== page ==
Maduro: ‘David v Goliath’ conflict between Venezuela & US will leave Trump ‘stained with blood’

Monday - 04/02/2019 10:27
Venezuela's President Nicolas Maduro attends a rally in support of his government in Caracas, Venezuela January 23, 2019 © Reuters
Venezuela's President Nicolas Maduro attends a rally in support of his government in Caracas, Venezuela January 23, 2019 © Reuters
Donald Trump will be responsible for a bloodbath that would mirror the war in Vietnam if he gets militarily involved in Venezuela, Nicolas Maduro has warned, describing the potential conflict as a “David against Goliath” scenario.

In an interview with Spanish journalist Jordi Évole, Venezuela’s president cited the Bible and past US military debacles in an attempt to dissuade Washington from taking military action against Caracas.

“Stop. Stop, Trump! Hold it right there! You are making mistakes that will leave your hands covered in blood and you will leave the presidency stained with blood,” Maduro said. He cautioned that a potential war could mean a new "Vietnam” for Washington.

The US president has ruled out any negotiations while maintaining that sending the US military to Venezuela was “an option.”

Maduro described a potential military confrontation with the United States as “David against Goliath” struggle – one that Trump would regret.

“If the north American empire attacks us, we will have to defend ourselves … We aren’t going to hand Venezuela over,” said the Venezuelan president. “We have our secrets too – and we have our sling. David’s sling is in our hands.”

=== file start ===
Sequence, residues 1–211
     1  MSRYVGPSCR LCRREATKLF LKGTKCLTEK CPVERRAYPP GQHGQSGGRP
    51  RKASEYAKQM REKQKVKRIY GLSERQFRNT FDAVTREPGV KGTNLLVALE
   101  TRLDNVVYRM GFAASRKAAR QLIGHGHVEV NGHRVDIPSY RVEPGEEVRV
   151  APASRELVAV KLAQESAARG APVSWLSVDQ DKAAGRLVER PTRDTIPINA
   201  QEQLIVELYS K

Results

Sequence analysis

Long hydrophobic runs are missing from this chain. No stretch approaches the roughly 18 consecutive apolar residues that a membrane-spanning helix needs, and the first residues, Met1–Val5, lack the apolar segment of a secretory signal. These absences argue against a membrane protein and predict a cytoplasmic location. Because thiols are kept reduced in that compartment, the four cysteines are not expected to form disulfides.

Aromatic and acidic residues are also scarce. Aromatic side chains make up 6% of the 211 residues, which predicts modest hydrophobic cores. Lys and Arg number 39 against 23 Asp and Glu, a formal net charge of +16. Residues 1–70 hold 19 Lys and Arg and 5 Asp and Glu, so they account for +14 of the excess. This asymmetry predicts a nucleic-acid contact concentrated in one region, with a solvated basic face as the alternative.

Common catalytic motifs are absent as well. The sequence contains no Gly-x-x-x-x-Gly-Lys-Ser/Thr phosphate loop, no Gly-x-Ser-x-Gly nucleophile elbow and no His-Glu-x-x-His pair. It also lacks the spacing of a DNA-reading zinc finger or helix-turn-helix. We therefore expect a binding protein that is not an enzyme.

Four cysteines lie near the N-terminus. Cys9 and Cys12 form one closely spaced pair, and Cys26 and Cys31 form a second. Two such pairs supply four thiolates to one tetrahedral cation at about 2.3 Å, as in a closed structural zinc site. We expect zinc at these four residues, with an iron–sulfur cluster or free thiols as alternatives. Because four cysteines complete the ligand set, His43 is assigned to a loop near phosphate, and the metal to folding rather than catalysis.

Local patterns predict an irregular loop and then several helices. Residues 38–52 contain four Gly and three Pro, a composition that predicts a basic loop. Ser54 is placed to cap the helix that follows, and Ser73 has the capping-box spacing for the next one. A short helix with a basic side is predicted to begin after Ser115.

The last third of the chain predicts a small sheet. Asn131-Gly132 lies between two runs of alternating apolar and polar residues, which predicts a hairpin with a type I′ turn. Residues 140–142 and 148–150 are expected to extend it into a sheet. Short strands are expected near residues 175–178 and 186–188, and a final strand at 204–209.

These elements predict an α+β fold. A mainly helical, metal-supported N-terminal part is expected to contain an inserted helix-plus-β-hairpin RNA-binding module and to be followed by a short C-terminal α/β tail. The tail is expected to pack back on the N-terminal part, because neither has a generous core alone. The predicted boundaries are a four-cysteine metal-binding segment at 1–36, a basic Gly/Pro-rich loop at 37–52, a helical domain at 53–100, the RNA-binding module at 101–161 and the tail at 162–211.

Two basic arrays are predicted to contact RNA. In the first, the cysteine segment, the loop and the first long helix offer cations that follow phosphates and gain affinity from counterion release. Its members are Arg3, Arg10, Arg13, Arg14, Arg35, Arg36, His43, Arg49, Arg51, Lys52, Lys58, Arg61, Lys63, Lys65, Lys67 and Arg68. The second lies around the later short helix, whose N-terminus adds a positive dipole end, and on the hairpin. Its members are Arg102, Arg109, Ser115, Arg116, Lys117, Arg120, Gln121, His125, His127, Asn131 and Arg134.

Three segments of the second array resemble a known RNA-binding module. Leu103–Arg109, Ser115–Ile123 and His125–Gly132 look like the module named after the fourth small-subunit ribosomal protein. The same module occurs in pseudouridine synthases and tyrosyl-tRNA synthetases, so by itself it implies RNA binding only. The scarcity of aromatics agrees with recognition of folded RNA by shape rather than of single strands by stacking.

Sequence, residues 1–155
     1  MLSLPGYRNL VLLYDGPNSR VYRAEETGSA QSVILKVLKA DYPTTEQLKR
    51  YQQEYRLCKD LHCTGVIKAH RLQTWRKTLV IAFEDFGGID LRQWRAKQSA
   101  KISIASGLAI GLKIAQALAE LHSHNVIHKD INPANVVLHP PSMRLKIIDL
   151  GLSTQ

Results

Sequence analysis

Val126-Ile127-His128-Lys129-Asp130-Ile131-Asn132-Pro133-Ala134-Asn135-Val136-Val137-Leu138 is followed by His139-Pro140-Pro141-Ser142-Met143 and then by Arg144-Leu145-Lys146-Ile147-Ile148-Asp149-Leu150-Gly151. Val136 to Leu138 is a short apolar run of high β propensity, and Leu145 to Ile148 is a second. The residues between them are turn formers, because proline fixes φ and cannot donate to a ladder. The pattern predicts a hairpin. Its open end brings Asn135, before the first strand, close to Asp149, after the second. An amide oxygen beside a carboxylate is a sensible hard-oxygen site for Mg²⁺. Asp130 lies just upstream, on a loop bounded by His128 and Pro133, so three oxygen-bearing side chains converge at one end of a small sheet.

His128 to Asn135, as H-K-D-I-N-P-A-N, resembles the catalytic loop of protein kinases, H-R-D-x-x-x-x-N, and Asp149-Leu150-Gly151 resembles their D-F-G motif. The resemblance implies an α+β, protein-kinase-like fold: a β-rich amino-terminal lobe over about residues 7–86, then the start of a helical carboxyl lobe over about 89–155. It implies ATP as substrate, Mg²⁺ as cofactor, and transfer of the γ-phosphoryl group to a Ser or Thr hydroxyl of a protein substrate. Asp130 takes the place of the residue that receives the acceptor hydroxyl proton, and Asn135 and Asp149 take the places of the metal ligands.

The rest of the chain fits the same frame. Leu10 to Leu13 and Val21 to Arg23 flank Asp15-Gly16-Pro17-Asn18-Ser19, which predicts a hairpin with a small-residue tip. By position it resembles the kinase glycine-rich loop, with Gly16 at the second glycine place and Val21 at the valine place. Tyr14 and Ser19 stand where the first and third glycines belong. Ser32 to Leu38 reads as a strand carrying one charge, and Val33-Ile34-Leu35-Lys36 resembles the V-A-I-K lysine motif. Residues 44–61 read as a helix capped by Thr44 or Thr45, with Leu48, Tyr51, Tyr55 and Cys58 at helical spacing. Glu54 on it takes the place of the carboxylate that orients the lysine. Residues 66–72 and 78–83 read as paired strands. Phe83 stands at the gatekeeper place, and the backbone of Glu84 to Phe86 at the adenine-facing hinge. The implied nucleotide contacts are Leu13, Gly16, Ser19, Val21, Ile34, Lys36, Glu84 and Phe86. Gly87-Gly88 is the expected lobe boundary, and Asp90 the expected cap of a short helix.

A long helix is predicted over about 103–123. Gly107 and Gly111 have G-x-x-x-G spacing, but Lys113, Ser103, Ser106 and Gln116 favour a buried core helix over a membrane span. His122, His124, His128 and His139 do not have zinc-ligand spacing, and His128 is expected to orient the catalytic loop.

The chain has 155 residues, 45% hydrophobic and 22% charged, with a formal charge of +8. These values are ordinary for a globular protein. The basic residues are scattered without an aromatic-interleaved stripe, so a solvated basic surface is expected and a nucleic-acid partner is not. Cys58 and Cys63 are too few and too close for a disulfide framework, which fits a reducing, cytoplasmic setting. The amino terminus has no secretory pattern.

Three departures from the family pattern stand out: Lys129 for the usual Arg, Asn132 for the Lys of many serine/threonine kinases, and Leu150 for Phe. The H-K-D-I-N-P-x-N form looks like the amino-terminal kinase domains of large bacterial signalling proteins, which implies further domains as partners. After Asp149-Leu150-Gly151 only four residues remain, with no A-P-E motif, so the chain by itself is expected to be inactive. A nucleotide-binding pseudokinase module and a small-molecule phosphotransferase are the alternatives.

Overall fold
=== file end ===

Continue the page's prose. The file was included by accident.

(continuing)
He acknowledged, however, that Washington poses a formidable threat to his government.

“They use sledgehammers instead of boxing gloves,” Maduro said, accusing the US of seeking his removal so that it could take control of Venezuela’s vast oil reserves.

Maduro also had choice words for Washington’s transatlantic allies, describing Europe’s ultimatum to hold new elections as “the stuff of empires, of colonial times.”

Theories about a potential US military incursion into Venezuela multiplied after US National Security Adviser John Bolton was spotted with a notepad that mentioned “5,000 troops to Colombia.” Bogota has denied any knowledge of the implied deployment and said that Washington has not asked its permission to send troops.

ALSO ON RT.COM‘Sovereignty is not discussed, it’s defended’: Venezuela slams Trump over military option

In January, the US recognized Juan Guaido as the legitimate head of the country, handing him control of the country’s assets in the US. Several of Washington’s Latin American allies followed suit. On Monday, an array of EU states also declared Guaido an ‘interim president.’ Moscow – which among others back the Maduro government – stated that such action clearly amounts to foreign meddling.

A similar statement has been issued to Spain and its prime minister on Monday. Madrid was among those to endorse Guaido as the “legitimate leader” of Venezuela.

“If someday there’ll be a coup; if there’ll be a US intervention of Venezuela, then, Senior Pedro Sanchez, your hands will be stained in blood forever and history will remember you as a puppet in service of Donald Trump’s policy of interference,”Maduro said in an address, broadcast live on his Twitter page. “Venezuela won’t be governed from Madrid,” he added.

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